Heavy Soviet mech modeled in Sketchup by with only a wee bit of editing and retouching in photoshop by me. If the mech looks familiar it’s essentially this one, with a different weapon load out: rob-cavanna.deviantart.com/art…
The body style is based on an alternate design seen on the far right here: rob-cavanna.deviantart.com/art…
If you dig it, please give Marco a +watch! There is more like this on the way. Marco has done several versions of the Proletarian, including a traditional Katyusha rocket rail launcher. Highlighting this one because I have a soft spot for the Gundam style rocket pod insanity!
Rocket artillery was mounted on many platforms in WWII, and Soviet mechs were hardly exempt. Though less accurate than conventional artillery, multiple rocket launchers were inexpensive and easy to produce. More importantly, they could deliver the equivalent impact of myriad artillery guns in a matter of mere seconds, saturating a wide area with many tons of high explosive. While not quite surgically precise, the shock effect of such weapons was immense. After unleashing its salvo, rocket artillery units could quickly relocate and avoid retaliation by counter-battery fire. In the case of platforms such as the heavy mech Proletarian, the next step was usually towards shattered enemy lines.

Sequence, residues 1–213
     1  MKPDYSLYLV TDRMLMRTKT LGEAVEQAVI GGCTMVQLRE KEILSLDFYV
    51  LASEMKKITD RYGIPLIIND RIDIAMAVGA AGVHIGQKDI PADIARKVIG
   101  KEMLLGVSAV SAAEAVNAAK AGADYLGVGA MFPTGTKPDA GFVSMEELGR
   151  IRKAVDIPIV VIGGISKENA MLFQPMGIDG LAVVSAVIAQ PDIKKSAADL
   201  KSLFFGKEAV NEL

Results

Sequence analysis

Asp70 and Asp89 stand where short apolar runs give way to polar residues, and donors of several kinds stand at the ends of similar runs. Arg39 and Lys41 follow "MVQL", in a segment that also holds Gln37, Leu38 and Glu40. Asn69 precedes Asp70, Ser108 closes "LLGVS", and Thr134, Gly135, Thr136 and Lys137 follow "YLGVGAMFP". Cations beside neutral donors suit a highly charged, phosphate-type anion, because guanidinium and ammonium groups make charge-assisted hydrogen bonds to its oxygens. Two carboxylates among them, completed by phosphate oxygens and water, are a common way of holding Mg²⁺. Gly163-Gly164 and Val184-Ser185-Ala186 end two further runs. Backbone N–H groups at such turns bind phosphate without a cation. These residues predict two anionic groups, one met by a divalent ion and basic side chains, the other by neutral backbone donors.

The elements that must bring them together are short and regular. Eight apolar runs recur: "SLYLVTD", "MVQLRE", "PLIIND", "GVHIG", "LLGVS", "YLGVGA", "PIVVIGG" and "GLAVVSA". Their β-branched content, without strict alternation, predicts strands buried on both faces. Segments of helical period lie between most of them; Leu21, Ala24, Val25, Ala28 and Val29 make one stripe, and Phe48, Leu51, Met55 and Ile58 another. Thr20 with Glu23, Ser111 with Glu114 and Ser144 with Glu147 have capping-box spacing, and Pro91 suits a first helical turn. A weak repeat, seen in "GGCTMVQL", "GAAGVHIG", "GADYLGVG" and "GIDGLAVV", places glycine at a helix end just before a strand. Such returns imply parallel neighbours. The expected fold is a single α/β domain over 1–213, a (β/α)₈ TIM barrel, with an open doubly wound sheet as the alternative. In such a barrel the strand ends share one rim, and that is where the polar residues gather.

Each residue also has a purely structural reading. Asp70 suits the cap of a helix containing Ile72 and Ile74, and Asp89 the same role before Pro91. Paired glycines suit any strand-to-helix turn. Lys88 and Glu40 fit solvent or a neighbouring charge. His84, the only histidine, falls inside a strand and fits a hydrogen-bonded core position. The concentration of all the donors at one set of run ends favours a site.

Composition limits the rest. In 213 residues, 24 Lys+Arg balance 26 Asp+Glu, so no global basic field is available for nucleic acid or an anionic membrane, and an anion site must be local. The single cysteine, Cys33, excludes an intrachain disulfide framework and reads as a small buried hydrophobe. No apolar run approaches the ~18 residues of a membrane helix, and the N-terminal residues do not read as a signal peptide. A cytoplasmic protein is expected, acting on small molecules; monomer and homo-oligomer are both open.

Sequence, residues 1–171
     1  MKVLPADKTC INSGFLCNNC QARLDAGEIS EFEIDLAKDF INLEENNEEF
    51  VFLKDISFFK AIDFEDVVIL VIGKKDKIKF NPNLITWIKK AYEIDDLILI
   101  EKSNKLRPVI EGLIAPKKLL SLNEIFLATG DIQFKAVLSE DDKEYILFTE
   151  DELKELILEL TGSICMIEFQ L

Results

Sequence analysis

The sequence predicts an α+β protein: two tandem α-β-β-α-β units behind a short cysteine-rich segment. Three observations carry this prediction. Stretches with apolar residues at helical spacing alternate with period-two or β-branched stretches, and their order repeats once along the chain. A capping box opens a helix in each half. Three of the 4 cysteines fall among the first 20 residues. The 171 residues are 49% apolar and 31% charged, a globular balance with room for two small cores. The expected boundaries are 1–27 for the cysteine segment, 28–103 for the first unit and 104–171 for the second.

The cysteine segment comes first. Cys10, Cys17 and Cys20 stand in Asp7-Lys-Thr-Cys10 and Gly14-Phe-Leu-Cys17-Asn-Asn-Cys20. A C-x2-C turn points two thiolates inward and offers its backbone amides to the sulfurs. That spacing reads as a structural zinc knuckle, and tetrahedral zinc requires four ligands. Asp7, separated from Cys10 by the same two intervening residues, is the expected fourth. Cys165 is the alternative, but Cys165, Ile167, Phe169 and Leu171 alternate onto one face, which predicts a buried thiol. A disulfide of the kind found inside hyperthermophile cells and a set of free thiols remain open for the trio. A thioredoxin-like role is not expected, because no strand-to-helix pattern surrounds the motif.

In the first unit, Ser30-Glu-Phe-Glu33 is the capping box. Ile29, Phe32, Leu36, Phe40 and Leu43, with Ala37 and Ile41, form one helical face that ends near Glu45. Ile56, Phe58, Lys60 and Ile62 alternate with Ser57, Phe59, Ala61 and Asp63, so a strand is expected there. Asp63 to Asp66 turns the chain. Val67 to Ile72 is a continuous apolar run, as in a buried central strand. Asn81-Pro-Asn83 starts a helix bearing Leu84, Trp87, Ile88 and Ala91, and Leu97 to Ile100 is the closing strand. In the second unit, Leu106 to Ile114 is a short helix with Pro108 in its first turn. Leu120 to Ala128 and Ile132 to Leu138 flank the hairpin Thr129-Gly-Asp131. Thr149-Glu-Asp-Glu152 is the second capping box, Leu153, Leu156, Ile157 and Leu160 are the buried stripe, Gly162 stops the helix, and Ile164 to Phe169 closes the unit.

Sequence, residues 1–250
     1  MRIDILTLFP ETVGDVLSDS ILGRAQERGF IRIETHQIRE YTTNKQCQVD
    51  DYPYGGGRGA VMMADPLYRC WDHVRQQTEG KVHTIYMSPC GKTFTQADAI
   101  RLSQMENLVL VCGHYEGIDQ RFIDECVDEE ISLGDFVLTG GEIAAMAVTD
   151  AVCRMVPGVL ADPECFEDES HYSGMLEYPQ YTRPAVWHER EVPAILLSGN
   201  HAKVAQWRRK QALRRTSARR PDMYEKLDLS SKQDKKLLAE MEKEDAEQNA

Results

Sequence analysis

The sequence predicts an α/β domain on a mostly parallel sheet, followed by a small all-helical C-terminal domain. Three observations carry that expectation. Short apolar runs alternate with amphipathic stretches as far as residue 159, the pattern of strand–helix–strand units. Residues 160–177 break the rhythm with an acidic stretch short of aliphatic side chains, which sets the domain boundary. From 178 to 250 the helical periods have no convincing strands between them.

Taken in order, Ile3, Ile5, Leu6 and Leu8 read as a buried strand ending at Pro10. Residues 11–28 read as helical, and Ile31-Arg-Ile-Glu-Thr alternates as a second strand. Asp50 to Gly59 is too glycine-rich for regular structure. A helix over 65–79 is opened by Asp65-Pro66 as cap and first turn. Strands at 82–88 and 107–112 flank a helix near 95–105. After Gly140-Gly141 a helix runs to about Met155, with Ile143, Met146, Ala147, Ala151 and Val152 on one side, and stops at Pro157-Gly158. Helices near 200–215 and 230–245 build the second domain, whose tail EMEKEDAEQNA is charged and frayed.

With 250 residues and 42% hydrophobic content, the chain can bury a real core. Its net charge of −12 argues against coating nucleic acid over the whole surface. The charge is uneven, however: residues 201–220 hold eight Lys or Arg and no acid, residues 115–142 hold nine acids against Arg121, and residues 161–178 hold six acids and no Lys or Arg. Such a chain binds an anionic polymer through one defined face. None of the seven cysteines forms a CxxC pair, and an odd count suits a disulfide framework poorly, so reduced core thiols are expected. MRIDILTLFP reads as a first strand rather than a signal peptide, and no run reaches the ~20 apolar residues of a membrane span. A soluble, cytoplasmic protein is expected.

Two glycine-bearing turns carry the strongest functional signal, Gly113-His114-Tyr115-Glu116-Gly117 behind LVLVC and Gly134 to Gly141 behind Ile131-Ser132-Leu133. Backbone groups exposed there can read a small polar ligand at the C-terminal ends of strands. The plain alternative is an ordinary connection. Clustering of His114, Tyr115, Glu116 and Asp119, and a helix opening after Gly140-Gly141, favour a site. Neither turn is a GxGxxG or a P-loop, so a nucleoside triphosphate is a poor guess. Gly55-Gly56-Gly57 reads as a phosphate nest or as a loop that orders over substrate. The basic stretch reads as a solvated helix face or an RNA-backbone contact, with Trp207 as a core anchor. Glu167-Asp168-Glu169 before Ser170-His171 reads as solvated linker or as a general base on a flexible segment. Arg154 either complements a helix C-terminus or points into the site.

Generally speaking, one disadvantage of rocket systems was the lengthy time required for reloading. But in the case of mechs, rocket canisters and racks could be easily ejected, and other weapons taken in their stead, rapidly restoring the mech to maximum payload weight and optimal combat capacity. In the absence of logistical support, particularly during intense urban melees, an anthro configured mech always had the option of grabbing whatever heavy object is nearest to hand and using it to bludgeon enemy targets. A mech as heavily armored as the Proletarian could afford to absorb heavy enemy fire while steadily advancing towards its prey.
Initially, the Katyusha rocket system was adapted to the Proletarian by means of a back mounted rail system similar to those found on Soviet artillery trucks. Later in the war, however, a more compact system was devised that made full use of the mech’s multiple weapon mounts, distributing weight more evenly, and allowing for greater agility in close combat and better mobility in urban combat zones. The Proletarian’s exceptional payload capacity enabled it to mount 30 forward facing rockets, and an additional 12 on a backpack unit. The backpack unit could be rotated 90 degrees in either direction, allowing the option to fire at right and left flanks. If kept nearly vertical, the rear rockets could be used as a sort of high trajectory rocket mortar, unleashing an arc of high explosive warheads over tall buildings and devastating targets on the opposite side.